Monday, May 9, 2011

Thor 3D (2011)


     The release of Thor this weekend officially kicks off the summer blockbuster season. Of all the titles that Marvel has released in recent years it is fair to say that Thor is one of the lesser known heroes. It also might be the hardest to translate into a cinematic form. In any other comic, the first movie would tell the hero's origin story. The story of Thor however, is totally different. Thor is a god. He doesn't gain his superpower, he is born with it. Trying to reshape Thor to fit more into this "origin story" mold that people are used to seeing causes the movie to feel hollow and unfulfilling, albeit beautifully designed.
     Thor (Chris Hemsworth) is kind of a jackass. He is the strongest man in Asgard and the next in line to the throne, and he knows it. His zeal leads him to commit an act that enrages his father, Odin (Anthony Hopkins), and he is banished to earth to live as a mortal. This sets a quest in motion for Thor who, with the help of Dr. Jane Foster (Natalie Portman), must regain his powers, defeat his brother Loki (Tom Hiddelston), and restore order to Asgard. This is a lot of ground to cover in just under two hours, and the movie ends up following a predictable, cookie-cutter formula while taking several shortcuts along the way. The plot simply becomes a game of connect the dots. You touch on a point and immediately move on to the next without digging any deeper, and ultimately you get a full picture. Nothing about the film is confusing because it does hit all of the crucial moments, but it is far from fulfilling. At the end of the film you get an outline for a Thor movie. All of the relevant characters are introduced, you understand what Thor's powers are, and you get a setup for continuing action, but there is no satisfaction in this. Thor is two hours of exposition that ends when the story should kick into second gear.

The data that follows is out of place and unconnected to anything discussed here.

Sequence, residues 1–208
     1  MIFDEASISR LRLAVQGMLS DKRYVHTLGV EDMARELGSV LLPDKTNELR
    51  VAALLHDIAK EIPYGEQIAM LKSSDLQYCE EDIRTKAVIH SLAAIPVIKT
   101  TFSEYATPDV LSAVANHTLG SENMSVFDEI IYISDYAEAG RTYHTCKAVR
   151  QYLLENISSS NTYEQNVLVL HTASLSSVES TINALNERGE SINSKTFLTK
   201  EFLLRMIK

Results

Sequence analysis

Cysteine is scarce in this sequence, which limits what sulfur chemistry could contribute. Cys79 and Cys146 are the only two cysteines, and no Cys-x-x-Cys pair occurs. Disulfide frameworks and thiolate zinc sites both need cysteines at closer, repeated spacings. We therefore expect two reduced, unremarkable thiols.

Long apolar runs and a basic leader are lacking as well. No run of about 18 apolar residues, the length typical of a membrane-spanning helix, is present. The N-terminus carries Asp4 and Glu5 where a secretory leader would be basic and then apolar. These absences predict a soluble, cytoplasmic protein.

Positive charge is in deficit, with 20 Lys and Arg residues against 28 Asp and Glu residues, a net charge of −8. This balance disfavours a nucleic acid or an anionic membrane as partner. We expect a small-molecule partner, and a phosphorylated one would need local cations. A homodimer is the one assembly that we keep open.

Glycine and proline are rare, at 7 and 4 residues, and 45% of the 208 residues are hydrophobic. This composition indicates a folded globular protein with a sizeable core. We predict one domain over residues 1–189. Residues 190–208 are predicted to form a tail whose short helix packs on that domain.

This isn't to say that the movie is completely a steaming pile. The visual effects are very well done and the CGI locations are extraordinarily well defined. Everything that doesn't take place on earth is so visually compelling that you can forget about the half-baked story and just soak it in. Asgard (especially the rainbow bridge) is perfectly suited for 3D and benefits from the added depth. Like portions of Avatar, it really feels like you're looking through a window into an actual fantasy world. For all of the segments that benefit from the 3D allusion there are just as many that are sullied by it. For example: The Frost Giant world of Jotunheim is a dark and frozen world. A long as the camera is still, it looks as great a desolate, craggy iceberg can. The only problem is that the biggest action sequence in the film takes place here. The quicker cutting, broader movement, and overall faster pace of everything on screen turns this battle into a blur of color and sound. Your eyes just can't process the 3D fast enough to make sense out of much of it. The 3D on display here, much like the movie itself, is just adequate enough to not get the label: "full of suck".